China: Wealth and Implications for US Strategy
The Chief of the General Staff of the People's Liberation Army of China, General Chen Bingde, asks a question during a brief on the U.S. Army's Mine Resistant Ambush Protected All-Terrain Vehicle during a visit to the U.S. National training Center at Fort Irwin, CA (Photo: SGT Casem)  



Colonel Donald H. Myers
US Army

USAWC Class of 2010

The views expressed in the document are those of the author and do not necessarily reflect the official policy or position of the U.S. Army War College, the U.S. Department of the Army, the U.S. Department of Defense, or the U.S. Government.



During the past sixty years, the People's Republic of China has watched the pendulum of post-communist victory swing from a period marked by extreme hardship to a period marked by tremendous economic development, growth, and prosperity. Indeed, prosperity over the past thirty years has propelled China up the ladder of financial wealth while also funding a sustained and extensive military transformation and modernization program. The combination has put China on a path to become a fully developed regional, if not global, power. As a result, many nations view China's rise as a source of suspicion and concern, primarily due to its lack of transparency. Against the backdrop of China's progress and its potential to "up end" the balance of power in East-Asia, how should the United States assess China?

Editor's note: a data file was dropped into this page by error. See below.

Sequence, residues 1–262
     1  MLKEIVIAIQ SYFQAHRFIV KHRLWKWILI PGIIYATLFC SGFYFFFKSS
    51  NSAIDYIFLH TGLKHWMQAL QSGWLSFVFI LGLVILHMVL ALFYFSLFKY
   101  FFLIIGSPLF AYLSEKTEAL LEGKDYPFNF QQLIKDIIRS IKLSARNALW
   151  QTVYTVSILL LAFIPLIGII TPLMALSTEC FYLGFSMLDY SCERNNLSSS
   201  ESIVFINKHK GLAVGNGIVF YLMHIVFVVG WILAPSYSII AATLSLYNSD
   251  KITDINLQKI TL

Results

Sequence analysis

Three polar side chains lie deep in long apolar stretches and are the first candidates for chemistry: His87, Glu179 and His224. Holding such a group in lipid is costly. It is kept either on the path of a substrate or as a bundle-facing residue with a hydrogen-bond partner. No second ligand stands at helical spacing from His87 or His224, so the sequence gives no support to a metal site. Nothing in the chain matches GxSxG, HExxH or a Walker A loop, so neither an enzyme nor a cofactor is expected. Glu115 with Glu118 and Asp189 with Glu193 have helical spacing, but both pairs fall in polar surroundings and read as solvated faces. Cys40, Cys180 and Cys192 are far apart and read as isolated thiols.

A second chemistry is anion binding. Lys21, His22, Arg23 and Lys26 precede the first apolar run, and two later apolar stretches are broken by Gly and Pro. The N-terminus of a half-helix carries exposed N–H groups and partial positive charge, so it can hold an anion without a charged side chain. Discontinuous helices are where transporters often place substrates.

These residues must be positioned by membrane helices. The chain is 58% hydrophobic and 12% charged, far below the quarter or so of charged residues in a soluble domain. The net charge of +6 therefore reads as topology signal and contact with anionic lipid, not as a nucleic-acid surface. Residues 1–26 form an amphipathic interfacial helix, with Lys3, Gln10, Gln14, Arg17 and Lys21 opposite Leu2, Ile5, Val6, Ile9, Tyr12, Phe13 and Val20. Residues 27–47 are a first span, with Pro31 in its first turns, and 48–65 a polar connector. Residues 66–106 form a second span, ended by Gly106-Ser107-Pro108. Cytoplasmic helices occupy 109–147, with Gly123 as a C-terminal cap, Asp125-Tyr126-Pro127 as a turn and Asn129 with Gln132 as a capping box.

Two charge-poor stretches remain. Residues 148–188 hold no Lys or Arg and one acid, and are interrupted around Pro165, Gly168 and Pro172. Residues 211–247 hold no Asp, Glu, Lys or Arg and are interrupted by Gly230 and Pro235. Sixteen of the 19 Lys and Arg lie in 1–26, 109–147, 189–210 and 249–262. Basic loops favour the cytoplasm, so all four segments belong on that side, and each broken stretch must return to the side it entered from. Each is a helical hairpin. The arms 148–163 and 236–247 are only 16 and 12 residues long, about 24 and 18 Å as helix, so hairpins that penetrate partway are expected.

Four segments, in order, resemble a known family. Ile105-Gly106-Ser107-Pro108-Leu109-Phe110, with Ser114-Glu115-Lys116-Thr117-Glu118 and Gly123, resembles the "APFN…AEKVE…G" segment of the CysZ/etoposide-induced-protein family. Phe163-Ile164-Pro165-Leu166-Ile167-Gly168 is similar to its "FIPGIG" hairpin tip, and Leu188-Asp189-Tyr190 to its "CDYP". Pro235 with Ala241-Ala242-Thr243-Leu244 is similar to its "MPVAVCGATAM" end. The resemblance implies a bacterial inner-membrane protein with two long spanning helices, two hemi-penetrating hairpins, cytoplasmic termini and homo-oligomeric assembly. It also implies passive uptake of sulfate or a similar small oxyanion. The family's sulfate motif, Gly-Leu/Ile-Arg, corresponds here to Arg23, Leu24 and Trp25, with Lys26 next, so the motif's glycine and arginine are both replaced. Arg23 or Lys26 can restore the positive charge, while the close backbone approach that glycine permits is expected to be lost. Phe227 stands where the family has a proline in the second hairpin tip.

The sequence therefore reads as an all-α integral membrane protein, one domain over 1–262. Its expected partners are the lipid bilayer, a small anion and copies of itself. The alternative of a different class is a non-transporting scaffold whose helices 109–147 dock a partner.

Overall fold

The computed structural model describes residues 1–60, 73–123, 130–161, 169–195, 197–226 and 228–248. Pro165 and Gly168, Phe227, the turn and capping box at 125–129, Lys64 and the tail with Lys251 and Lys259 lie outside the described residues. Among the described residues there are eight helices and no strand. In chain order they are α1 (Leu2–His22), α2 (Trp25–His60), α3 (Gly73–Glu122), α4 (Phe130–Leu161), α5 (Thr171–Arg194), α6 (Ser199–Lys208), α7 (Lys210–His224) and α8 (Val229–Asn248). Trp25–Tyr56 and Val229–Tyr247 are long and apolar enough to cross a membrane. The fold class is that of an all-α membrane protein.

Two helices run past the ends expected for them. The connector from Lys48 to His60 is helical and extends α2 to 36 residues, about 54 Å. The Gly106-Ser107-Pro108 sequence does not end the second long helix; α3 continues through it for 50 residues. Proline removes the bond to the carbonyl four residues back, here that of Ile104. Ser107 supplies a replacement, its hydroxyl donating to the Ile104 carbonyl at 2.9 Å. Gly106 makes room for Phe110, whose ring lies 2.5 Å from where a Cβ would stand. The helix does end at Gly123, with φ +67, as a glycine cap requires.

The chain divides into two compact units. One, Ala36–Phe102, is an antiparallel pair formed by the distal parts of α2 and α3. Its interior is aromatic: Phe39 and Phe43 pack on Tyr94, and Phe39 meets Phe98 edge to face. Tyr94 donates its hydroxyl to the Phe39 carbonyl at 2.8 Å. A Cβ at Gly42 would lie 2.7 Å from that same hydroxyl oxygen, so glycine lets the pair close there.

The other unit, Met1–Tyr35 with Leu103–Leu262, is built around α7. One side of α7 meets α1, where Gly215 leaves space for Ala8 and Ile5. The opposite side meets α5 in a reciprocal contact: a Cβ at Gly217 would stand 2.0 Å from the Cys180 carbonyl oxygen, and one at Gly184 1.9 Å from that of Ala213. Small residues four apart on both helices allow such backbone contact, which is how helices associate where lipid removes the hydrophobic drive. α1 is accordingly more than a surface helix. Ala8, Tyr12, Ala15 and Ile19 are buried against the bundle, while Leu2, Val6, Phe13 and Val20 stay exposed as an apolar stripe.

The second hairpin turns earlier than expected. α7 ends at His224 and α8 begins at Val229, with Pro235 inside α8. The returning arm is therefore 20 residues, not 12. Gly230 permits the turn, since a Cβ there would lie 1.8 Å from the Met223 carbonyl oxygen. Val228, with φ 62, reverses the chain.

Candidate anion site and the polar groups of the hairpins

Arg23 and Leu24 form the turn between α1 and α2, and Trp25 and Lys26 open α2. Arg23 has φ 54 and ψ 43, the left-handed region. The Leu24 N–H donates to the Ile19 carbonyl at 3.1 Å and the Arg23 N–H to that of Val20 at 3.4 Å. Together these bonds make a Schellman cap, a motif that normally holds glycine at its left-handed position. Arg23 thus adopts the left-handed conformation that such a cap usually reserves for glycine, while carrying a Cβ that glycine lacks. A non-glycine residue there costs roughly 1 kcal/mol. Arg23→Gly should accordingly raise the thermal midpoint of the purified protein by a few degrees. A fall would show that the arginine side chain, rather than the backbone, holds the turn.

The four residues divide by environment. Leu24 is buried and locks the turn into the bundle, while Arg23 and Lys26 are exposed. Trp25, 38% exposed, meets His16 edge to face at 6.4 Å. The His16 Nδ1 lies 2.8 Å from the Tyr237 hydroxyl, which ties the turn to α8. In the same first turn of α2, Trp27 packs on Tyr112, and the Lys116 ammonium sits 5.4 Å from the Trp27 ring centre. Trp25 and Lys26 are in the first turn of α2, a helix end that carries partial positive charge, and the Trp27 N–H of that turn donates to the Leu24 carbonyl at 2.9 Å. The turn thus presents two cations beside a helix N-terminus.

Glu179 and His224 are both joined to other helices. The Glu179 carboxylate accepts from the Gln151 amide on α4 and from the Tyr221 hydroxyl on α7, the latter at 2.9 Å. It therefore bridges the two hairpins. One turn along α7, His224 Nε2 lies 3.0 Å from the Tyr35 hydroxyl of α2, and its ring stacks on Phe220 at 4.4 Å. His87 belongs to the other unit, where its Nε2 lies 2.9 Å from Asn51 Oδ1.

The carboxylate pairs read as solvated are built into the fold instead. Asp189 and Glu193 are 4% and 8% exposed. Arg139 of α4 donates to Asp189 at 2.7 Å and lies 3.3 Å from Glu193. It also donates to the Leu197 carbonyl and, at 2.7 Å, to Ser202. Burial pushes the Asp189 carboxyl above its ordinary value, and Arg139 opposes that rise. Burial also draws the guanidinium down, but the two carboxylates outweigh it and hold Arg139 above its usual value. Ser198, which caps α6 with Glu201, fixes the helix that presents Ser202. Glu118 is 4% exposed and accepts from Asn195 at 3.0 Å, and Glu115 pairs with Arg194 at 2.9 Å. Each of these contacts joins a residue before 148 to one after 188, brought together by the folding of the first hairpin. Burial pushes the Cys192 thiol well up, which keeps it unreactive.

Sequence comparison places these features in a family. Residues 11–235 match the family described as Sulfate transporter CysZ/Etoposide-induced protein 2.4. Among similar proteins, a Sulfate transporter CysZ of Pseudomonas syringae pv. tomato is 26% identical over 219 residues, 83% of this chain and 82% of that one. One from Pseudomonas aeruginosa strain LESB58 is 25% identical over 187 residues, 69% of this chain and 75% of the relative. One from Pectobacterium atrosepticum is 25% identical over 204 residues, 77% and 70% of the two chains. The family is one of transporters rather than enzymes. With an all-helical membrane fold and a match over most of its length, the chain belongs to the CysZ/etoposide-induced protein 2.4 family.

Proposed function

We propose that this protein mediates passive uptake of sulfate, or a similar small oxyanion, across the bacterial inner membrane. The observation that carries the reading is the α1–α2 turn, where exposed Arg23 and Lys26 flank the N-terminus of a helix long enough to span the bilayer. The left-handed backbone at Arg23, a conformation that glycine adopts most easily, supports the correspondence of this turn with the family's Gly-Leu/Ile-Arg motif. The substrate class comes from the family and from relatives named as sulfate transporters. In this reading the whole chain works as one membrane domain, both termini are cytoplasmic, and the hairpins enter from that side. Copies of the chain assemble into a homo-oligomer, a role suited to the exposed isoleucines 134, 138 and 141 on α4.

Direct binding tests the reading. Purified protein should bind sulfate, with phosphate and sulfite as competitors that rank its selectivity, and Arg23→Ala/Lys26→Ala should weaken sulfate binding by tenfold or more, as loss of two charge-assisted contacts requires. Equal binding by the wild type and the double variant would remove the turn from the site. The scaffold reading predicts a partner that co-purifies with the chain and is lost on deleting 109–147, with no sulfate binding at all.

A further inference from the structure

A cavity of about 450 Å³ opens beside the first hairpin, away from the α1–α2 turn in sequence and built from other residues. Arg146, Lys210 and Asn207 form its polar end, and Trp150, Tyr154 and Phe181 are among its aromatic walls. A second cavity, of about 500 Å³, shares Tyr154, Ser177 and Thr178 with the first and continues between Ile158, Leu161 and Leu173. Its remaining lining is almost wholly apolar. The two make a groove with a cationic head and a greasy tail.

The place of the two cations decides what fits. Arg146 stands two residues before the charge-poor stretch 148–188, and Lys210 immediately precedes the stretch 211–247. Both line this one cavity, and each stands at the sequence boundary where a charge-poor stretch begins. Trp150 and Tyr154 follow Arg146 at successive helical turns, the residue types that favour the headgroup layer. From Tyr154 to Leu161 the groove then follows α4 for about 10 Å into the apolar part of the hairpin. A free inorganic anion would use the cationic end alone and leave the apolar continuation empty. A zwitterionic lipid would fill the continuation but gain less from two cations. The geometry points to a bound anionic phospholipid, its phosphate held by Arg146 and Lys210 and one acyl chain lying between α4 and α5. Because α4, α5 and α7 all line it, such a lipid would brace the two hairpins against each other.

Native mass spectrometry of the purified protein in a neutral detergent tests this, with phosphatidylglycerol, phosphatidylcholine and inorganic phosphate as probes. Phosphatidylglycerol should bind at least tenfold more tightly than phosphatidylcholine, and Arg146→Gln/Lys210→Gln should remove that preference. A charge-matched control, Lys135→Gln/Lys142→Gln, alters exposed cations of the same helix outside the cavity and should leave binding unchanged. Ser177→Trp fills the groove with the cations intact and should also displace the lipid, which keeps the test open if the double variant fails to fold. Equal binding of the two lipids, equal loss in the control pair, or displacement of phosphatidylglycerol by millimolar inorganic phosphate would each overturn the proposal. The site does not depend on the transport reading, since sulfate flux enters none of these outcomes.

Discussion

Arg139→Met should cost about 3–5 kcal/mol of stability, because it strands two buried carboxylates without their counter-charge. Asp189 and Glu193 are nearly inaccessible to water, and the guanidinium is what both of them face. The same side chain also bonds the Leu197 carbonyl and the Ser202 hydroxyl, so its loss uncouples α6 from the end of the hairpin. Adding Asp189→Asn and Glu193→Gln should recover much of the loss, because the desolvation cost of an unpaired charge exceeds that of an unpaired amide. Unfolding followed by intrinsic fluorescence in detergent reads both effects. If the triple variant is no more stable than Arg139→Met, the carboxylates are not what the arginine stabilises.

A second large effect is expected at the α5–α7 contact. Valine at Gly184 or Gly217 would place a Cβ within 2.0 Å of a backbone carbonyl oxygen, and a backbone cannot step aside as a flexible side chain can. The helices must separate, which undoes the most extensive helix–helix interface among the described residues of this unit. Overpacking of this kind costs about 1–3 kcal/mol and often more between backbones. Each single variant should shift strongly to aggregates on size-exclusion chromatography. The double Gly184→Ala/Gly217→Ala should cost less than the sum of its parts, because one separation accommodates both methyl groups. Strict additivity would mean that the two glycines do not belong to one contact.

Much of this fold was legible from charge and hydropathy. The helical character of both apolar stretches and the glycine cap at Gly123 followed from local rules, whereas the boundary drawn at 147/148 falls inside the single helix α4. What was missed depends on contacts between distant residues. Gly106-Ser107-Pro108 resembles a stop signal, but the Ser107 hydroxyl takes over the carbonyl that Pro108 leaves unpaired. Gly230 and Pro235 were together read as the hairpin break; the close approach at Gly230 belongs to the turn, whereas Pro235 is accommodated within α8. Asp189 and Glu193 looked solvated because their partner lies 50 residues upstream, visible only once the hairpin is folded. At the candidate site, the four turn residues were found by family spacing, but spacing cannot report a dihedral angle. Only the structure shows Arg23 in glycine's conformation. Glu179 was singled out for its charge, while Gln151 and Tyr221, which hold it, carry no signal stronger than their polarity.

This AY-10 USAWC Student author examines China's rise in global wealth, its need to fund a sustained and extensive military transformation and modernization program, and the implications of its military build-up for the United States National Military Strategy.

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